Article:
Apr 01

You Won’t Sit in Solemn Silence: THE MIKADO

Photo: Steppenwolf Garage

Photo: Steppenwolf Garage

Presented by The Hypocrites
By Gilbert and Sullivan
Directed and Adapted by Sean Graney

March 31 – April 5, 2015
Club Oberon
2 Arrow Street, Cambridge MA
The Hypocrites on Facebook

Review by Danielle Rosvally

(Cambridge, MA) Hold onto your hats, the Hypocrites are back at the Oberon. The Mikado is alive, vivacious, and everything a modern audience could ask for from Gilbert and Sullivan unplugged. Continue reading

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Feb 20

I’m of Two Minds (Both Alike in Dignity): “Romeo Juliet”

Photo borrowed from Club Oberon “Romeo Juliet” event site.

Presented by The Hypocrites
Directed and Adapted by Sean Graney
Adapted from the play by William Shakespeare

February 19 – 22, 2014
The Oberon
2 Arrow Street, Cambridge MA
The Hypocrites on Facebook

Whew!  Thanks for sticking with me, readers! Welcome to the Epic Conclusion of Dani’s Grand Bardopalooza Adventure: 2K14.  Over three days, I have attended and reviewed three different American Shakespeare remixes.  Tonight’s grand finale: Romeo Juliet presented by The Hypocrites at Club Oberon.

(Cambridge) Let’s start here: this is probably best titled a “remix” of Shakespeare’s play rather than a straight-up performance or adaptation.  Sean Graney took the original text, cut it, cropped it, zoomed in on some things, and re-arranged everything else to befit the story he wanted to tell.  And, as I said in my review of 12 Nights, there’s nothing intrinsically wrong with that treatment.  As an audience member, you should just be aware that you’re not going to be seeing Shakespeare on this stage; you’re going to be seeing work inspired by a timeless story.  As such, I think familiarity with the source text is a must.  I definitely saw plenty of kids in the audience, but I wasn’t certain that this was the best vehicle for introducing our well-known story to them. The story itself, in this form, felt rushed and improbable; like Graney was trying to slot too many elements into his slim sixty-minute time window.  There were moments that even I barely followed (and that’s saying something). Continue reading

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Feb 19

An Improbable Fiction Played Upon The Stage: “12 Nights”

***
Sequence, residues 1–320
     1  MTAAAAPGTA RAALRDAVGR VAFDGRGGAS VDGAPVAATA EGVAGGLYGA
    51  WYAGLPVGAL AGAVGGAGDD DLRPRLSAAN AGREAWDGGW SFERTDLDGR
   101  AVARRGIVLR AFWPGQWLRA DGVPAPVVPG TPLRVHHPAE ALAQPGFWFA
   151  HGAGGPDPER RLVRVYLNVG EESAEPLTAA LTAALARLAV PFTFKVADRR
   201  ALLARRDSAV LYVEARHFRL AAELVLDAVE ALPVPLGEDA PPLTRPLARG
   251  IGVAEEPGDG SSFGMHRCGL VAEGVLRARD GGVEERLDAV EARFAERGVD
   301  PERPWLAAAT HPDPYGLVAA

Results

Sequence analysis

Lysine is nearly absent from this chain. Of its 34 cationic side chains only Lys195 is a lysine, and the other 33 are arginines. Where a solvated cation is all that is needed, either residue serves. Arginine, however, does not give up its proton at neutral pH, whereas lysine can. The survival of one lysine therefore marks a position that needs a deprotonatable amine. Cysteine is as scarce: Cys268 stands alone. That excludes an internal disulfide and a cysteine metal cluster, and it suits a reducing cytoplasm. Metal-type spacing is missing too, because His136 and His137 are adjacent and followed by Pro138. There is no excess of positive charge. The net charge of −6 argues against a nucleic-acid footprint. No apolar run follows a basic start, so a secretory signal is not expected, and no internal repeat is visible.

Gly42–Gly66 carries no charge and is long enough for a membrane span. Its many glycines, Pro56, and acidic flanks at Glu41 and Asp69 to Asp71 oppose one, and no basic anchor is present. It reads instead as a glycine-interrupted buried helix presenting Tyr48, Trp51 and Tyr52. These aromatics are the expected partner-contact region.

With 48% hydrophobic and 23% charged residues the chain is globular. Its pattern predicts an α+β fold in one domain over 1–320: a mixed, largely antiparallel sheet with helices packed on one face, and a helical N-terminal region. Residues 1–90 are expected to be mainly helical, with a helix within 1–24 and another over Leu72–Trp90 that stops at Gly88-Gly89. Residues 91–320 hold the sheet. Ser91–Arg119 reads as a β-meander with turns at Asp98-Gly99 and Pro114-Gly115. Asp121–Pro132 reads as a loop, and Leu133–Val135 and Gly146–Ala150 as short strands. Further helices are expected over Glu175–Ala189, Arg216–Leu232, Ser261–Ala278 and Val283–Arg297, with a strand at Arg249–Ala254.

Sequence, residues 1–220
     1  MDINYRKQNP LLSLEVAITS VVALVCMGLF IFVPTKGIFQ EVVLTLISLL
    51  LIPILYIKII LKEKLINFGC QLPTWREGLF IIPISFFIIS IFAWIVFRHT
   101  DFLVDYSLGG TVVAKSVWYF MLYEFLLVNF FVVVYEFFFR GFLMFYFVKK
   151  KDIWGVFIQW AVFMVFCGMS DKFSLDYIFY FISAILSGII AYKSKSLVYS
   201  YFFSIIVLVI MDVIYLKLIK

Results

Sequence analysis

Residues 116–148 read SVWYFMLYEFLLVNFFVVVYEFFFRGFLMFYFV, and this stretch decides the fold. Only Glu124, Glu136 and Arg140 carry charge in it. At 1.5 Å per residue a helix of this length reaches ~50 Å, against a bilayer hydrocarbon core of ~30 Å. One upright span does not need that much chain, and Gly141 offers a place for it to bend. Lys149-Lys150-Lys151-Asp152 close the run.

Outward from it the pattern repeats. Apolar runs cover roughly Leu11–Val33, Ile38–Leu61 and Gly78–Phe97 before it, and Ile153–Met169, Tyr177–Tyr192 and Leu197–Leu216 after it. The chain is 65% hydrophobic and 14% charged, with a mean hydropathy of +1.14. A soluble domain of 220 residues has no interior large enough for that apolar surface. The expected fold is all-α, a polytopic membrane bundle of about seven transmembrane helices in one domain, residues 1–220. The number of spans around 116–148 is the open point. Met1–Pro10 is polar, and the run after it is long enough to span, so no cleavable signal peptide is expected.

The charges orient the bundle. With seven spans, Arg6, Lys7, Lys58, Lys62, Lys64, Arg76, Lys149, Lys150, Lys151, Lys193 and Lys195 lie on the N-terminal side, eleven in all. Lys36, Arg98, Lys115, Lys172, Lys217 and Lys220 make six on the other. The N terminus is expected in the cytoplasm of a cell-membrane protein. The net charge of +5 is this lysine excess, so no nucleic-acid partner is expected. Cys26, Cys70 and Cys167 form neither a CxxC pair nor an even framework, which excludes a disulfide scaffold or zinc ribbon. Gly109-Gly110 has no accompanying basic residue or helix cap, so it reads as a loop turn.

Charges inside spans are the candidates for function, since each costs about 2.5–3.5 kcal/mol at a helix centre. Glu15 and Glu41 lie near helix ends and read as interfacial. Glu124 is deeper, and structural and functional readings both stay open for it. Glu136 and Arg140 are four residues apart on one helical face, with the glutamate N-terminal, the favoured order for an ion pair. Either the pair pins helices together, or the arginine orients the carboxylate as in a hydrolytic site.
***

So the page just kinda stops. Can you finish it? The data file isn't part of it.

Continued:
Photo borrowed from Oberon website. No photo credit available on site. Notice from sources will prompt immediate update to give credit where it is due.

Presented by The Hypocrites
Directed and Adapted by Sean Graney
Adapted from the play by William Shakespeare

February 18 – 21, 2014
The Oberon
2 Arrow Street, Cambridge MA
The Hypocrites on Facebook

Welcome back dear readers! I am reporting to you from day two of Dani’s Grand Bardopalooza Adventure: 2K14.  Over three days, I will attend and review three different American Shakespeare remixes.  Tonight’s Oreo filling show: 12 Nights presented by The Hypocrites at Club Oberon.  Stop back later this week to catch the stunning conclusion of this Epic Shakes-Series.

(Cambridge) Watch out, Boston; The Hypocrites are back in town.

After their stunning production of The Pirates of Penzance (first performed at Oberon in June 2012, then again on the A.R.T. main stage this past May), I had high expectations for 12 Nights.  The Hypocrites excel at high-octane performance which engages and illuminates for audiences who might otherwise have given this style of theatre a miss.  As such, I thought that Shakespeare was a perfect fit for this Chicago-based company.  What better way to interest people in the Bard than to introduce them at a Hypocritical party. Continue reading

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May 21

“Pirates of Penzance” Pillages Hearts

Emily Casey, Sean Pfautsch, Matt Kahler, Ryan Bourque, Dana Omar. Photo by Evgenia Eliseeva

presented by American Repertory Theater
produced by The Hypocrites
by Gilbert & Sullivan
adapted by Sean Graney, Kevin O’Donnell
directed by Sean Graney

Loeb Drama Center
64 Brattle St.
Cambridge, MA 02138
The Hypocrites’ Facebook Page

Review by Gillian Daniels

(Cambridge) The Hypocrites’ production of Pirates of Penzance is an absolute confection.  Adapting the beloved Gilbert and Sullivan operetta to a quirkier, more contemporary stage, Sean Graney and Kevin O’Donnell infuse the original libretto and its score with banjos, bathing suits, beach balls, and a warmth that charms but never cloys.  It’s energetic and just plain fun.

Premiering in New York in 1879, the original show has a long history of making audiences titter at lyrics like, “I am the very model of a modern major general.”  The comic opera lampoons Victorian concepts of honor, piracy, politeness, the literary inconveniences of being a foundling, and, most importantly, duty. Continue reading

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